Which is why Rushent’s intuition for the dancefloor is so unbelievable. Here was a guy who knew pop music, inside and out, who knew how to arrange a song that would stick to the brainpan and never let go. He cut his teeth working on Shirley Bassey records; he was an engineer on T. Rex’s Electric Warrior. By the late ’70s, he had turned to punk–working with the Stranglers, among others, and producing some of the most sublime pop songs of all time for the Buzzcocks. By 1981, a collection of ‘demos’ he produced for Pete Shelley–the brilliant proto-synthpop record Homosapien–was released, and he got started with the Human League.

So back to the League Unlimited Orchestra LP. This was an album that clocks in at about 35 minutes long, that contains about 2,600 edits, all done with tape, a custom-made ruler, and a splicer. As Rushent relates in the interview he did with Simon, he couldn’t rewind or fast-forward the master because he was too worried about the tape disintegrating completely. But unlike many of the cut-and-paste tape collages that were en vogue with the experimental set, Love and Dancing doesn’t sound like collage. It sounds completely of a piece, as if music should have always sounded that way–as if these remixes emerged, fully formed, out of nothing. It is perfect pop music.

New feeling.

Another new piece by me: A review of Rob Young’s book Electric Eden, for Bookforum.

The Big Exciting Thing I’m working on right now, which is occupying most of my time, is the proposal for my second book. Making lots of progress, and feeling inspired, which is always good. The proposal is 50 pages long, and extensively researched; it’s like writing a mini-book. I’m being purposefully vague about the subject matter right now except to say that it deals with music, and with art; more on this soon, once the book sells to a publisher.

More stuff coming out: I wrote a big review of the wonderful Stan VanDerBeek retrospective at the List Visual Arts Center for the summer issue of Frieze, which will be out soon. I’m also working on a big review of the Angus MacLise exhibition in New York, also for Frieze. Some things for The Wire and Rhizome are in the works as well. And other interesting things, too, including a big website I’m building, dealing with art and maps.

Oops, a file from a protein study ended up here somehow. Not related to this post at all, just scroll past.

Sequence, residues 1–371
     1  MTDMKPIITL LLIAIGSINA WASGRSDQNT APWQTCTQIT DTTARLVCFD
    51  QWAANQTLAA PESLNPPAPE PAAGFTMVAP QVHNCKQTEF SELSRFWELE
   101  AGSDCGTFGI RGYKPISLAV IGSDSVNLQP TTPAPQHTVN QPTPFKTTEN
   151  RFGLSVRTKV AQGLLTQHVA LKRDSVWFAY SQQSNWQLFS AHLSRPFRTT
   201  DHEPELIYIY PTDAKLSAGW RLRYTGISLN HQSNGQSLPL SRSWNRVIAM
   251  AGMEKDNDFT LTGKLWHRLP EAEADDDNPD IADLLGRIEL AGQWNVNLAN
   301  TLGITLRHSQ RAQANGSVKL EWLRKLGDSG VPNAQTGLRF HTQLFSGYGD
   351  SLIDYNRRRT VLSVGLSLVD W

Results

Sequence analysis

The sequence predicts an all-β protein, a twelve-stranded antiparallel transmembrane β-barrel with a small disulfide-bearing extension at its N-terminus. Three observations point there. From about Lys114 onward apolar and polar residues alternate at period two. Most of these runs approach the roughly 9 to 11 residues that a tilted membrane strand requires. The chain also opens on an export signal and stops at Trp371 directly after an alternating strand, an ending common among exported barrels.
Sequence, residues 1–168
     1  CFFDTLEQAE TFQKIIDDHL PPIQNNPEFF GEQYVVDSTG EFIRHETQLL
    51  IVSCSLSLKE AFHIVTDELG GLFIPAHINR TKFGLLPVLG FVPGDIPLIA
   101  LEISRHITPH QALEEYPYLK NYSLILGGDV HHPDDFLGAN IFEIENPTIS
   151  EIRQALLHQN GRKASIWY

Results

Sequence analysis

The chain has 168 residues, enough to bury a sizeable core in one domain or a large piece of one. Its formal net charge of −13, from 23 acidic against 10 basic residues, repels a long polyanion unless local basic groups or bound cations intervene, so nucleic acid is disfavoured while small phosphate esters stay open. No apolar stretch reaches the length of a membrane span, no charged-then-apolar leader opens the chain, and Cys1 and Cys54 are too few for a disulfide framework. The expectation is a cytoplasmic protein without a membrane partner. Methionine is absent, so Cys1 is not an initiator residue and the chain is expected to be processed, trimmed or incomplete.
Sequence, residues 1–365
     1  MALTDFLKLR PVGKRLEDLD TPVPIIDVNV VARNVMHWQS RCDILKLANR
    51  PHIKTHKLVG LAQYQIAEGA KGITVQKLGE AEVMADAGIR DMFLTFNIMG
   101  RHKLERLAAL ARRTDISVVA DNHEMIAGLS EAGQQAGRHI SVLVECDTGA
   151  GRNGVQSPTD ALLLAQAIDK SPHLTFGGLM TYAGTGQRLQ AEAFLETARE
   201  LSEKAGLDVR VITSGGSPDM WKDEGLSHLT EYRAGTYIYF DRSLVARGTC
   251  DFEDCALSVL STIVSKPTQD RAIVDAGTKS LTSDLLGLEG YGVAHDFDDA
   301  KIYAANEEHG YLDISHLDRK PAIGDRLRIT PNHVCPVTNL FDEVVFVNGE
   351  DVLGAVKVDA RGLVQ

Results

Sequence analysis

Over the past eight weeks, I’ve been in New York City, San Francisco (twice), Los Angeles, Seattle, Portland, and Ireland (Dublin, Belfast, and Galway, among other places). In Boston now, and it’s nice to be back.


A big interview I did with Max Mathews for Frieze, a few weeks before he died. Such a long, incredible, and fascinating life. We talked for almost four hours, and the full transcript is twice as long as this; at some point, I’ll have to publish the full version. I’ll write more about it soon, but right now I’m boarding a plane to the West Coast.

A piece from the past.

I just found this profile I wrote about the artist Carsten Höller, for the (sadly departed) Res magazine in 2006. I’ve typed it out here; hope you enjoy reading it.

ALTERED STATES: Carsten Höller

by Geeta Dayal

Res, Jan/Feb 2006

“SOME OF THEM are called mind-shakers,” Carsten Höller says mysteriously, referring to the objects in his new installation. “Instead of shaking your body, they’ll shake your mind in some way.”

The 45-year-old artist and his crew are building an amusement park inside of a giant exhibition space at the Massachusetts Museum of Contemporary Art. Amusement Park: Unfinished and Amusement Park: Finished, his two upcoming installations at the MASS MoCA, blow up earlier Höller works like Grönalund Tivoli Star and Roller Coaster (2005) and Carousel (1999-2000) to a massive scale. Amusement Park involves typical amusement park rides — bumper cars, a Gravitron — but the lights, music, and movement are drastically shifted in pace and timing. Höller talks excitedly about slowing the rides down to a molasses crawl. “It will be like a negative amusement park,” he says grimly, but with an edge of glee to his voice. “We are taking all the fun away.”

The more Höller talks about Amusement Park, the more it does sound like fun. He speaks with the infectious enthusiasm of a child discovering a new toy. “Everybody has a lot of memories when it comes to amusement parks,” he says. “It works on you on a very strong subconscious childhood level.”

Höller goes off on a tangent about the differences between American and European merry-go-rounds, spending ten minutes discussing the deep historical reasons why European carousels run counter-clockwise and American ones run clockwise. It’s fascinating stuff, and it’s all completely bonkers. He’s debating the inclusion of a rollercoaster in the new show, but it probably won’t happen. “But I’m still hoping for the bumper cars, Twister or Twirl-o-Wheel, a turning platform. . .” Continue reading